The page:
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Selecting a Nursing Home in California

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Introduction

Abuse Laws

Selecting a Nursing Home

Nursing Home Corporations

The Law Offices of Young & Wallin Focuses in Nursing Home Abuse Throughout California. Please Follow the Links Below to Find Out More Information About Your Area.
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California Nursing Home Abuse Lawyers

Selecting a Nursing HomeOne of the most important and difficult decisions a person can make is the decision to put someone they love in a nursing home or assisted living facility.

At Young & Wallin, our attorneys' experience with elderly abuse cases, and with litigation in the state and federal courts of California, tells us that some nursing home providers are better than others. That said, how should you choose a nursing home? What are the important things to consider? What are the signs of good care?

Selecting a Nursing Home in California

  1. If a loved one has been admitted to a hospital, you may have only a short time (24 hours or less) to find a nursing home. If you have been notified that you have to find a facility quickly, you can buy yourself a few days time by filing an appeal with the hospital administrator.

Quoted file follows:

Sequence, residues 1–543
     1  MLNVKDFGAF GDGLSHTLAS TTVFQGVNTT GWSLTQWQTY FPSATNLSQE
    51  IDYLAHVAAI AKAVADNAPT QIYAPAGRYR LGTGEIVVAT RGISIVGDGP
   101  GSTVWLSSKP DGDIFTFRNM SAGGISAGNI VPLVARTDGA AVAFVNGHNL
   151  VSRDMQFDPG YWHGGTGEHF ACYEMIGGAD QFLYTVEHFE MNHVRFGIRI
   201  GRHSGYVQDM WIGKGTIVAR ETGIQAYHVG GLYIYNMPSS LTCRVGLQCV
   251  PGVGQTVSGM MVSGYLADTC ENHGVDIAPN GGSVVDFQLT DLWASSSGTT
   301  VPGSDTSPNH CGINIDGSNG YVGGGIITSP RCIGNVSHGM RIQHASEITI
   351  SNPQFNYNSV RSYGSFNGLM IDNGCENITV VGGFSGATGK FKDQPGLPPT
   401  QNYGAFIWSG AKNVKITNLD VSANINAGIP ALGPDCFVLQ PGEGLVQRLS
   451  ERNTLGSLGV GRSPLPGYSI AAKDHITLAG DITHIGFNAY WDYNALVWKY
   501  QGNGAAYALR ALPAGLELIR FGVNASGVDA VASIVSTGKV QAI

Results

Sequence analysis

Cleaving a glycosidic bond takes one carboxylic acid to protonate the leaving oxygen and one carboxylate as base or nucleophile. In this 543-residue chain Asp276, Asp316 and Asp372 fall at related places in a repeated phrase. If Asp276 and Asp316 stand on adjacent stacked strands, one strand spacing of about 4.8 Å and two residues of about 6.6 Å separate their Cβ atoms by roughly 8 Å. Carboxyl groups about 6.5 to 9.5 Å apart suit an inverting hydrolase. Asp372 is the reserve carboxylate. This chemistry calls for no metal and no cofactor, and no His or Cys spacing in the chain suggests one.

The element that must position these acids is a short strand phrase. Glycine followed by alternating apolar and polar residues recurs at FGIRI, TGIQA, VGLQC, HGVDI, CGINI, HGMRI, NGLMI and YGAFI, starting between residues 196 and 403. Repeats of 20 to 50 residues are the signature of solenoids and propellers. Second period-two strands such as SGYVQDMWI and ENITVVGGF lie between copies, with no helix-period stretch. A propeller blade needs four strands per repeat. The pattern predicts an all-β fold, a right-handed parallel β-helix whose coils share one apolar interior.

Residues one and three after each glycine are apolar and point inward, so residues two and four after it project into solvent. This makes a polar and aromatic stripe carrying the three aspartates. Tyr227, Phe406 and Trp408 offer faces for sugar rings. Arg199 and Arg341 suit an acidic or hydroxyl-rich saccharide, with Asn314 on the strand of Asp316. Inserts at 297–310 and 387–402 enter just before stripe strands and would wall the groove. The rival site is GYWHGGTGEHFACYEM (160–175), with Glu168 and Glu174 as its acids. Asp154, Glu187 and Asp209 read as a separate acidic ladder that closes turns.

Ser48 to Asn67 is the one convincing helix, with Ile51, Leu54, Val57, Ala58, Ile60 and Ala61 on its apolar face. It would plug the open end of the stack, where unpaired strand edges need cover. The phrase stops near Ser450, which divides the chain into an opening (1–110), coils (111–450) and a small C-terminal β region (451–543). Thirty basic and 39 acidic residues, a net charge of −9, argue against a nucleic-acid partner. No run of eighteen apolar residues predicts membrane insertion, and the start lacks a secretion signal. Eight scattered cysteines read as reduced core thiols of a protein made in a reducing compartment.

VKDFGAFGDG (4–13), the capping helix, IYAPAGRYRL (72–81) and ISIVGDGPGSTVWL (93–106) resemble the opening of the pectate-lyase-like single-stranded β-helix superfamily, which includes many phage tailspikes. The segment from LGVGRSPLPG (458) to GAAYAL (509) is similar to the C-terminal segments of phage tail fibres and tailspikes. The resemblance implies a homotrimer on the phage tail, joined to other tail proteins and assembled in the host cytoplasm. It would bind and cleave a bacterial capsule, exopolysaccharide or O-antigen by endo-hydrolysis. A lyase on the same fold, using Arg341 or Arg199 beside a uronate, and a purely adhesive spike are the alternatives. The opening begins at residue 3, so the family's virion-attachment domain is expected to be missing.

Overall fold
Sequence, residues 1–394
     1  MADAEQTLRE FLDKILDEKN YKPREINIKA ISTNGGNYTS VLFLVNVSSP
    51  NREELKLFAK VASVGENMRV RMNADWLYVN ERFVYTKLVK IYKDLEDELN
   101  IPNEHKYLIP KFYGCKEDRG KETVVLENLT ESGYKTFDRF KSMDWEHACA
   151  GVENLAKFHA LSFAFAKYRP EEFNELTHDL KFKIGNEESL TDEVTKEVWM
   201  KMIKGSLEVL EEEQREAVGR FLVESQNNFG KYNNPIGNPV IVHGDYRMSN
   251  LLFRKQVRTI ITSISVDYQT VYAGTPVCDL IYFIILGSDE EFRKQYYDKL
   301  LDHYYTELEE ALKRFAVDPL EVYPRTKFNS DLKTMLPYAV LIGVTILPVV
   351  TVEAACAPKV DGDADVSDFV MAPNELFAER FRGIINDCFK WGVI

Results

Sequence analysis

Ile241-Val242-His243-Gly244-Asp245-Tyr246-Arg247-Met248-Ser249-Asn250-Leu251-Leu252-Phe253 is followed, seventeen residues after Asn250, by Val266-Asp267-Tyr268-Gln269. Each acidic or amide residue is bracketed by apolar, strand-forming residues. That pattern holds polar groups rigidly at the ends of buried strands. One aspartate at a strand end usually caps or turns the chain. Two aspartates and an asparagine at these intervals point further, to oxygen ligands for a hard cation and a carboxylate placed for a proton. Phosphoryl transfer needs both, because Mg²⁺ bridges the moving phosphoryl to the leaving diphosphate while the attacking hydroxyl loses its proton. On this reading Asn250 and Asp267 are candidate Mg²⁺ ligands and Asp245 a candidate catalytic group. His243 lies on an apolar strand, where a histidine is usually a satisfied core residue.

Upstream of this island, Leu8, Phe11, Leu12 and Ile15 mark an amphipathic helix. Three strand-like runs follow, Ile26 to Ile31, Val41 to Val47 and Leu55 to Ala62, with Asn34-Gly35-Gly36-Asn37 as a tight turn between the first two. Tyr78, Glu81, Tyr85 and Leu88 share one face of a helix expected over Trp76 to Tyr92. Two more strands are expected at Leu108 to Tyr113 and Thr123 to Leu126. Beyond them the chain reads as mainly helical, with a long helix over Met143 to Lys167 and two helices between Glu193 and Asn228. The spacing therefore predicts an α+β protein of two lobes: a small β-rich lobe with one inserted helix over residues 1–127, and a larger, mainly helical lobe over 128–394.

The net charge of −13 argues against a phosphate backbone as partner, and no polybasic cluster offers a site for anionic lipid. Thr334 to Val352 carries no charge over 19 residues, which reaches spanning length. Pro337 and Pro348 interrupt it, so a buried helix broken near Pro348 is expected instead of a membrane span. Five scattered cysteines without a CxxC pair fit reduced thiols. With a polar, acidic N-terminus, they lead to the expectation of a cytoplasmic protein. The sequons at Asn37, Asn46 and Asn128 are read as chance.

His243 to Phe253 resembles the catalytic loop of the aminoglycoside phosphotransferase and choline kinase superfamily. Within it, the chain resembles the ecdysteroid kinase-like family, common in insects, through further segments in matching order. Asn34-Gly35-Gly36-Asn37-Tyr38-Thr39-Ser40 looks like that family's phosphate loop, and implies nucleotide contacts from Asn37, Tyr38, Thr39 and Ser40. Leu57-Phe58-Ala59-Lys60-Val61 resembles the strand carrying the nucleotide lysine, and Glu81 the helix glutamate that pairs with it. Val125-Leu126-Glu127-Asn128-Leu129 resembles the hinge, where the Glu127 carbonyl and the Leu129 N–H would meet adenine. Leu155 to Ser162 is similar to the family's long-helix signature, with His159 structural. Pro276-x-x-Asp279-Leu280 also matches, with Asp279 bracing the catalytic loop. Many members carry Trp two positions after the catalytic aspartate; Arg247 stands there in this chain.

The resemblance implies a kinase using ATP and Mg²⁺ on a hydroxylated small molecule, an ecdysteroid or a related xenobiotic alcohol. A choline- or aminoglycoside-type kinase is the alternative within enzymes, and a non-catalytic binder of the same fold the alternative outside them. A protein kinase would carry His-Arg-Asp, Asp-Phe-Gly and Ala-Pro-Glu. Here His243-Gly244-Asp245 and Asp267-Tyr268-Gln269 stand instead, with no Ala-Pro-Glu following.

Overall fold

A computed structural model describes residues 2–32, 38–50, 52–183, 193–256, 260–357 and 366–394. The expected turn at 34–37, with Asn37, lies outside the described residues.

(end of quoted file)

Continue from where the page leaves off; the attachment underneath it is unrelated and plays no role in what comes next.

2. Research online. Start by looking at facilities close to home and at not-for-profit care providers. Not-for-profit providers are few and far between but are generally well worth the trouble it may take to find one. The Internet may also provide access to DHS complaints or negative reports from consumers. While context may be missing from such information, it can still be worth considering.
  3. Ask to see the most recent DHS survey of the facility. This should be kept at the front desk and can provide you with a wealth of information regarding how the facility is run on an overall basis. Be sure to ask about any infractions and what the facility has done to correct them.
  4. Stop in unannounced. Stop in outside visiting hours. Stop in again.
  5. Take note of the general conditions on your visit(s). Are there strange smells? Are the bathrooms clean? Are windows and corners and other hard to clean places dirty? Are the residents in activity areas together or do most seem to be isolated in their own rooms?
  6. Talk to the Ombudsman. The Ombudsman cannot recommend any particular facility over another but if you ask questions about staffing and other common issues or complaints, they will answer.

Dignity and Justice — Call (888) 999-0169

Call our Los Angeles area nursing home abuse law offices directly or contact us online right now with a brief description of your concerns. Initial consultations are free of charge and you will pay no attorneys' fees unless we are able to obtain a verdict or settlement on your behalf.

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